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st I ever witnessed. I heard several gentlemen say in the most vehement manner that they had been Union men at 9 o'clock that day, but now they were desperate and ready for the issue." The writer proceeds to narrate what he saw in Philadelphia and New York, but it relates chiefly to the movements of troops, of which our readers have been kept advised. With regard to affairs in Boston, he says: "At 12 o'clock (on the 20th) an immense meeting in State street was addressed by Fletcher Webster; but, it is a fact, he trembled in every limb, and finally broke down entirely and gave out. Several said they would not enlist in his company, because he had no pluck. Two Irishmen, one named Clure and the other a lawyer, addressed a meeting, breathing the most violent threats against the South. 'The martyrdom of two Massachusetts men must be atoned for!' I understand a gentleman at the cars yesterday said he did not think the South was entirely wrong, when he was attacked by the mob,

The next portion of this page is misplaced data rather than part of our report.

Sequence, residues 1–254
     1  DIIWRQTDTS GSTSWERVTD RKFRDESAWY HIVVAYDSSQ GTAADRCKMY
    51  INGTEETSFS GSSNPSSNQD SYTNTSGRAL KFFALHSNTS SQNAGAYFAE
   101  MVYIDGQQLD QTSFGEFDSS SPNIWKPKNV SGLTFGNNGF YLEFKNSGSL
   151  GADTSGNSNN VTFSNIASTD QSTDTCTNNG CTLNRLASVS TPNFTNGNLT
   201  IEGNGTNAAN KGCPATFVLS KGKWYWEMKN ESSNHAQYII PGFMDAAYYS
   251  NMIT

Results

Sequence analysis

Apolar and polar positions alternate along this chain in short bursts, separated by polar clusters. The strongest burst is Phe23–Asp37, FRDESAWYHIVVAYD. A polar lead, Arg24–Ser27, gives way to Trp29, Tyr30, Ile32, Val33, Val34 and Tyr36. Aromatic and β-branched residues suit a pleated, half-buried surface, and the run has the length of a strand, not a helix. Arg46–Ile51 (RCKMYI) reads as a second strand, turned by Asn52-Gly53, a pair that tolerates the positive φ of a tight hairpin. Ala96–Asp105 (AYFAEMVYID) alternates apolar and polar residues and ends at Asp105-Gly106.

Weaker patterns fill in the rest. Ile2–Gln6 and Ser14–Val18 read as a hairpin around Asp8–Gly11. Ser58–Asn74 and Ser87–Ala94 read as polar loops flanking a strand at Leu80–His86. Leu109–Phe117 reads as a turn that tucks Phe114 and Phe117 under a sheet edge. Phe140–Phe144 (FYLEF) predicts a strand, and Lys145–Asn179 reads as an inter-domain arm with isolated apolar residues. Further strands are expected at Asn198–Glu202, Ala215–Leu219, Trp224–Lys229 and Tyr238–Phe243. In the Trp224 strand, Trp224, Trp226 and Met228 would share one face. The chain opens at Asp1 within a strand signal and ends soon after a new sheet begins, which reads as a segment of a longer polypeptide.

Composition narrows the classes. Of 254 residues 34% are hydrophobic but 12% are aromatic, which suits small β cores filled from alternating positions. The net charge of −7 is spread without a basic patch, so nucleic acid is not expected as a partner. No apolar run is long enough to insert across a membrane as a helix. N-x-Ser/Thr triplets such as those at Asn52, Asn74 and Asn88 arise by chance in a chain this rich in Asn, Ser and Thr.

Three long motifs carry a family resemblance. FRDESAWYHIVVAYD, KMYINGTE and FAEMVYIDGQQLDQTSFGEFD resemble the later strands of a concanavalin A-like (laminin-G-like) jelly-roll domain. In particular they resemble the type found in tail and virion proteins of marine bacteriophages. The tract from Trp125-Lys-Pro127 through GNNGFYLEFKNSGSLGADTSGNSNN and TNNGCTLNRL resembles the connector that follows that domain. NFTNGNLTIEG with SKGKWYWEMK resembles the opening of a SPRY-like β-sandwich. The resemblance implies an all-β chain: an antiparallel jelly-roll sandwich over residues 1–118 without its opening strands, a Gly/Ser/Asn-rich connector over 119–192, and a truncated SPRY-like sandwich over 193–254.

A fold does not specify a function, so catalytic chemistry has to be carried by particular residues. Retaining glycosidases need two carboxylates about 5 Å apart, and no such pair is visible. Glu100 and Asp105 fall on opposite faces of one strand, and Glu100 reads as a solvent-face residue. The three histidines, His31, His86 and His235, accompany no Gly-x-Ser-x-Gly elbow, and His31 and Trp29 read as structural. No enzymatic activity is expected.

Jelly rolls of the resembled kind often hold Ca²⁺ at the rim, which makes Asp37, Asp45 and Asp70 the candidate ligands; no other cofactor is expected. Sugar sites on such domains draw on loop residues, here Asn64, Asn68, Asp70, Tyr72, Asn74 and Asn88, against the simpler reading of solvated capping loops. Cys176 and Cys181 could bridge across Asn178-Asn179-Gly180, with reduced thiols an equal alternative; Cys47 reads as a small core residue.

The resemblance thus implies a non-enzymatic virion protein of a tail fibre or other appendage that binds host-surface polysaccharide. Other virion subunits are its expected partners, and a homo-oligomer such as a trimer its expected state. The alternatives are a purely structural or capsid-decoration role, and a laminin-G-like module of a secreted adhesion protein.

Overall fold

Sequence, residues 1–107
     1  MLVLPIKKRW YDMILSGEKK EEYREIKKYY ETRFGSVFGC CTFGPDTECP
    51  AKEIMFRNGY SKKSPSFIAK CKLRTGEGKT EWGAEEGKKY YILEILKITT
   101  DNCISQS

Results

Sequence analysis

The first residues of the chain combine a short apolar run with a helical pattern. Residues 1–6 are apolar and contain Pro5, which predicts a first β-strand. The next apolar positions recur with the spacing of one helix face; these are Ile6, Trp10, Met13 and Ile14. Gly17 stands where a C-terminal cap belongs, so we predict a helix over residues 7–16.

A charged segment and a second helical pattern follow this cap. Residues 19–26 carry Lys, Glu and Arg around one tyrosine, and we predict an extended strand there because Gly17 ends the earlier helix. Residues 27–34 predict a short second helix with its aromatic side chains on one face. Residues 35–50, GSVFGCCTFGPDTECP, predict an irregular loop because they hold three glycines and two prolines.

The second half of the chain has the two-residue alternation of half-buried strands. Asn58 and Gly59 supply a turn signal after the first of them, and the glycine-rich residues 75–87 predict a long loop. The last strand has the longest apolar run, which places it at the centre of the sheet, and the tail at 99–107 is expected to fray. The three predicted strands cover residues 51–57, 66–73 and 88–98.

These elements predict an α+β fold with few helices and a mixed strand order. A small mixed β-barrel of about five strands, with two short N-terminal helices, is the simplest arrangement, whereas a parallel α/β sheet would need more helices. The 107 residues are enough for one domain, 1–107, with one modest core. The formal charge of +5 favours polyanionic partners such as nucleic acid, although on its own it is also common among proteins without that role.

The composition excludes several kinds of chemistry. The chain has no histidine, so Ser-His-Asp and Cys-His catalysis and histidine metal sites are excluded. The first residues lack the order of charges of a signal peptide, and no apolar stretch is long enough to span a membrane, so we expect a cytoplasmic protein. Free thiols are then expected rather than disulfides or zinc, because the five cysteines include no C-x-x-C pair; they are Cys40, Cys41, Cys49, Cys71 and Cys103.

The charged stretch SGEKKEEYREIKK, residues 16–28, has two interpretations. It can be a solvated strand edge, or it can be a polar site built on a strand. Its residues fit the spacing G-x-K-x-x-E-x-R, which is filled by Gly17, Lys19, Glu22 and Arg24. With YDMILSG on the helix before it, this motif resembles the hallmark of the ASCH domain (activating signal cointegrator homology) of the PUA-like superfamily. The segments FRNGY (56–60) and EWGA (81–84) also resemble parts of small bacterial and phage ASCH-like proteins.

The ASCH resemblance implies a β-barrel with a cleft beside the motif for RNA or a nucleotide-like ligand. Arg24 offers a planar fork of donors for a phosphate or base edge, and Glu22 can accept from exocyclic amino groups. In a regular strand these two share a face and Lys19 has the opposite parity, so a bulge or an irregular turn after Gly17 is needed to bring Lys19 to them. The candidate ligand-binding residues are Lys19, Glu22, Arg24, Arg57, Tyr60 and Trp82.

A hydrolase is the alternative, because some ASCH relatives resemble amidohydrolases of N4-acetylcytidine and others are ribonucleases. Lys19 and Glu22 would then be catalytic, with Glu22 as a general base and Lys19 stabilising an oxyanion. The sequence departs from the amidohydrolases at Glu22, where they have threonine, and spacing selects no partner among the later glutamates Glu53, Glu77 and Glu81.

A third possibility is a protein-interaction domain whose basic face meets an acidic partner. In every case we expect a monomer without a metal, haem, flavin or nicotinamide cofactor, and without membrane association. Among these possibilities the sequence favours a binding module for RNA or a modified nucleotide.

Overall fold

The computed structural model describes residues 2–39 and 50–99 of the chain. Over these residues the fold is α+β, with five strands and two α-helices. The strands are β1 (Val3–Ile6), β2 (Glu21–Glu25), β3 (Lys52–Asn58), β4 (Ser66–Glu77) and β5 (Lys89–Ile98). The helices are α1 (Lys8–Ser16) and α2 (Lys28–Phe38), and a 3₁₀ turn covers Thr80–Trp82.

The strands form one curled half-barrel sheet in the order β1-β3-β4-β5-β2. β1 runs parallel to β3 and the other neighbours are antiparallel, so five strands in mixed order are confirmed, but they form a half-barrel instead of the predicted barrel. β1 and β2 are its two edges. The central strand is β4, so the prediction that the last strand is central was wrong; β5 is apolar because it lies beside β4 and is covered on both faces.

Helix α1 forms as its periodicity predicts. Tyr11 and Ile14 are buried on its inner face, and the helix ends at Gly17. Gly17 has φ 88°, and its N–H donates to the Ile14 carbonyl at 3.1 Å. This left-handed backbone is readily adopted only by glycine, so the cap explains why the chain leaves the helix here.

intends to move them South without delay. Volunteers continue to arrive here to be mustered into service. Portsmouth, N. H., April 25. --Fort Constitution, and the other fortifications in the harbor are being put in a state of defence. At the Navy-Yard the Dale, Marion and Santee are being fitted out for sea. Boston, April 25. --The second battalion of infantry now occupy Fort Independence, in the harbor. The sum of $12,500 has been subscribed in aid of Fletcher Webster's regiment. Montpelier, Vt., April 25. --The Governor to-day signed the bill just passed appropriating $1,000,000 to the war fund. The enlistments are going on rapidly all over the State. The First Regiment will march on Monday. Ex-President Buchanan. Lancaster, April 25. --Ex-President Buchanan entertains no idea of leaving for Europe. It is well known, among his personal friends, that he warmly espouses the cause of the North, and that he will pass